Johnny Cash -- and later his admirers, Willie Nelson and Bob Dylan -- developed a flat, narrowranged vocal style that accentuated the toughened realism of his lyrics. Unfortunately many people mistook the nasal, dramatic delivery for poor singing. Worse yet, many singer-songwriters concluded that if the lyrics were poetic, then it didn't matter how badly they were sung.

Victims of this misconception have included, Charlie Daniels, John Prine, Leonard Cohen, Kenny Rogers, Johnny Paycheck, Kris Kristofferson, David Allan Coe and Hank Williams Jr. The latter three have just released albums that show they still don't know the difference between understated delivery and sloppy singing.

"To the Bone" (Columbia JZ 36885) presents Kristofferson at his worst and at his best. On the one hand, his voice sounds like sandpaper rubbed against a blackboard by an arthritic hand. On the other hand, he has writen some of the best songs of an already impressive career.

All 10 songs deal with the aftermath of Kristofferson's recent divorce from singer Rita Coolidge.Many of the songs are angry, but the anger is directed not so much at Coolidge as at the unreliable nature of love itself. In "Star-Crossed," he grumbles: "Anyway, now, anymore, you don't know who to trust -- Cause love is wild as lust and just as blind."

"Blessing In Disguise" is about the moment when the mystery of love has disappeared from a marriage. Kristofferson sings that despite the pain, divorce reveals a truth that is a "blessing in disguise." Yet it's clear that he feels the pain much more acutely than the blessing. The uptempo rhythm of "Snakebit" captures the compulsive need to remember an ex-lover dispite every effort not to. "Maybe You Heard" is a convincing plea to the friends of a divorcing couple to undertand instead of judging. "The Last Time" and Daddy's Song" are tales of a father and daughter separated by a custody order.

These songs don't wallow in bitterness, but explore the pain and illusions of love. Kristofferson can still condense an experience into a handful of just the right words. For example, he describes post-divorce depression as: "Searching for words, too deep, sweet reason and rhyme; living alone, more and more and he's prone to be lazy; turning to stone, blasted and blind."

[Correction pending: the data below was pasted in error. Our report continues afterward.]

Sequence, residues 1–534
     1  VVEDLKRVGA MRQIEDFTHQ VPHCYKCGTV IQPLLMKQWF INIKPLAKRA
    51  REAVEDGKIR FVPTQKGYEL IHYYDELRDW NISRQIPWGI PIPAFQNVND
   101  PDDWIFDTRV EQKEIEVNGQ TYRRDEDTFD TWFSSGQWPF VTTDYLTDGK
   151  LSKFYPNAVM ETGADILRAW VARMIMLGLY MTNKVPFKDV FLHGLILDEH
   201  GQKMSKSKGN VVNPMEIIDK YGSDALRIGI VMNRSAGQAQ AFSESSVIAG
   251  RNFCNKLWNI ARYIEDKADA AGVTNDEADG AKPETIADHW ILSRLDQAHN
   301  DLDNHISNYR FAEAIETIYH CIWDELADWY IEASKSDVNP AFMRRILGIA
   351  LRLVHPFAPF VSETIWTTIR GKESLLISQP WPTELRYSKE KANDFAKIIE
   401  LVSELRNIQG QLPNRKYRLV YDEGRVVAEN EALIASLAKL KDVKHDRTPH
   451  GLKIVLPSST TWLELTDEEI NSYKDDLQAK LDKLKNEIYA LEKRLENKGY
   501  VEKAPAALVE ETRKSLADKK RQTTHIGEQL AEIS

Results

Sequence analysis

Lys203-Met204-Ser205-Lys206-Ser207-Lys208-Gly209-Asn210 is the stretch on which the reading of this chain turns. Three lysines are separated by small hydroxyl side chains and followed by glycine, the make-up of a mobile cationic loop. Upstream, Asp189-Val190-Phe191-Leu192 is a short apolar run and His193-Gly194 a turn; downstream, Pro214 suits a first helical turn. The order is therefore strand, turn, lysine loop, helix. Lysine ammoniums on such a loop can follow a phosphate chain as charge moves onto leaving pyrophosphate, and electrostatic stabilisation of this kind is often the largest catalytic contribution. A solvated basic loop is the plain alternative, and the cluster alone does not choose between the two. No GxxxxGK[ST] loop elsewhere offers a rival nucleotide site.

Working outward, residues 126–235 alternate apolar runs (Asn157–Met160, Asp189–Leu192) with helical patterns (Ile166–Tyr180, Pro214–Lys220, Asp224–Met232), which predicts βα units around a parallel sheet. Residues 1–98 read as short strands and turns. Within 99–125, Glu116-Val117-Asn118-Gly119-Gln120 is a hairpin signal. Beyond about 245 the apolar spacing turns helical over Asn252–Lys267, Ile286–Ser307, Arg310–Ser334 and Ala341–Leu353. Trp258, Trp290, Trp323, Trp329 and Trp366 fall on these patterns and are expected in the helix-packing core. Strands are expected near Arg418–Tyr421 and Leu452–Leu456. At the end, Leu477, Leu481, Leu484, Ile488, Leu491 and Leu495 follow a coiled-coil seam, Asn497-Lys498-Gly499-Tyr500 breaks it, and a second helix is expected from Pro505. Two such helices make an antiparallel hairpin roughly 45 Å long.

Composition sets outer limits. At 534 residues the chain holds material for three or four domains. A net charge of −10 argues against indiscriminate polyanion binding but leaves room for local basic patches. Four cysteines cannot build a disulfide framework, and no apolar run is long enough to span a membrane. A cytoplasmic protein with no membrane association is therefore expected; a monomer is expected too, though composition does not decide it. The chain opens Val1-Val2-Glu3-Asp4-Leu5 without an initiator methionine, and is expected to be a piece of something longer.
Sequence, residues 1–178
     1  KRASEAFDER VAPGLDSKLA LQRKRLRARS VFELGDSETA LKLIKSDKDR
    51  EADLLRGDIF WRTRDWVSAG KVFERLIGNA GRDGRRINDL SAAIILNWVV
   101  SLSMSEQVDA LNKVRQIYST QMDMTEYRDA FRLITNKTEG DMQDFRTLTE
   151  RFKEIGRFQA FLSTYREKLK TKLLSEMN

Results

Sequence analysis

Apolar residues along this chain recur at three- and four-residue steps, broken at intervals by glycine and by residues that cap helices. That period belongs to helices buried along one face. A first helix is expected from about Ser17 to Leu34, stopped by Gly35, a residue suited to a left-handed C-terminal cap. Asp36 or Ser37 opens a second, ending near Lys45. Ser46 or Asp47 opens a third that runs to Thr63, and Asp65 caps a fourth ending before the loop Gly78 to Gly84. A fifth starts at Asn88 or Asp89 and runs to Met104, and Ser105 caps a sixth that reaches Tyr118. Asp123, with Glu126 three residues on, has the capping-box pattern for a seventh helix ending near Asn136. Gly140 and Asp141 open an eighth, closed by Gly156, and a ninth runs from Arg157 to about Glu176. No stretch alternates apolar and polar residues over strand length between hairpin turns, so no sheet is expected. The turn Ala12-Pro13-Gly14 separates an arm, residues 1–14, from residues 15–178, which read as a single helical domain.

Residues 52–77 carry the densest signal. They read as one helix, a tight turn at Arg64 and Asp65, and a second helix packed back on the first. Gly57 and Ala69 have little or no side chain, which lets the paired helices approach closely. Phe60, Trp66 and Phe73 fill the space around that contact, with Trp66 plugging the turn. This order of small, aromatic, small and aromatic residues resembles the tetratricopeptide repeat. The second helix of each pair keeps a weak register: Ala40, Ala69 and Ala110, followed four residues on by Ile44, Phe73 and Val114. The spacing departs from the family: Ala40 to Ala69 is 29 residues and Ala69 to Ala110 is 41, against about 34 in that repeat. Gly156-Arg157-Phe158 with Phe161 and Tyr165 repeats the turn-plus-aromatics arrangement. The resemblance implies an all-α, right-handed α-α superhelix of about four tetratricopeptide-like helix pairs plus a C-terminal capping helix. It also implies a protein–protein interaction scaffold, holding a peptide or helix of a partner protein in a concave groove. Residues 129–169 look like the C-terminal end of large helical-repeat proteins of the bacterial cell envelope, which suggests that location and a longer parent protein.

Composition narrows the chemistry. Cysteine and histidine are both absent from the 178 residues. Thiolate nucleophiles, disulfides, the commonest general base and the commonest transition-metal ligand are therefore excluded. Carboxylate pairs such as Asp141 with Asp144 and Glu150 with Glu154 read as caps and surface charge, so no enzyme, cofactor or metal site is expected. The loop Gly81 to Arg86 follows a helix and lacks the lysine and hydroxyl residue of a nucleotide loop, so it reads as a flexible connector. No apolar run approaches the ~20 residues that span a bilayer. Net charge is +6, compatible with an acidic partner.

These songs are so good they deserve better singers than Kristofferson. Billy Swan -- the rockabilly star -- sings backup on "Nobody Loves Anybody Anymore," which he co-wrote with Kristofferson. Swan should get a chance to sing lead on his own version.

Like Kristofferson, David Allan Coe is best known as a songwriter for other singers. He wrote "Would You Lay With Me (In a Field of Stone)" for Tanya Tucker in 1974 and "Take This Job and Shove It" for Johnny Paycheck in 1977. Coe has a much better natural voice than Krisofferson, but even less idea of how to use it. His new album, "Invictus Means Unconquered" (columbia JC 36970), combines the worst aspects of "country outlaw music" and Nashville schlock. Coe takes the sloppily indulgent, macho vocals of the outlaws and sets them inside the tearjerker mawkishness of Nashville.

Coe didn't write a single song by himself and only co-wrote four.Shel Silverstein, Guy Clark and other Nashville tunesmiths fill the gap with the kind of posturing bluster and soap opera moralism that Coe is famous for.

Hank Williams Jr. doesn't have his daddy's voice, but he has enough of one to pull off a song in an understated Johnny Cash way. The younger Williams has a tendency, though, to sing about what a macho country boy he really is and what he'll do to the phonies who don't like it.

When he gets belligerent, Williams loses his sense of limits and pushes his voice into awkward positions. On his new album, "Rowdy" (Elektra 6E-330), Williams' vocals go in and out of focus from song to song. (

When he launches polemics, he tends to confuse sloppiness with spontaneity. The first four originals on side one are illfocused reactionary attacks. "Dixie On My Mind" attacks New York City; "Texas Women" attacks urban cowboys; "You Can't Find Many Kissers" attacks sexually loose women; "Give a Damn" attacks blue collar workers. For someone who pretends to be a friend of the average man, Williams sure doesn't like them too much.

But when tradition takes over, Williams makes his illustrious past pay off. He puts the right kind of swing into his own Dixieland blues, "Ain't Much More." He and Waylon Jennings join forces on Jennings' "Are You Sure Hank Done It This Way?" Their rocking tribute to the older Williams proves that the soul of country is more important than the style.

And the highlight of "Rowdy" is Hank Williams Jr.'s version of his father's "Ramblin' Man." Over a lonesome fiddle and dobro, Williams moans wistfully. He even adds some new line: "I'm a son of the blues, you see. Don't worry about him and don't worry about me." He should stop worrying himself and immerse himself in that tradition.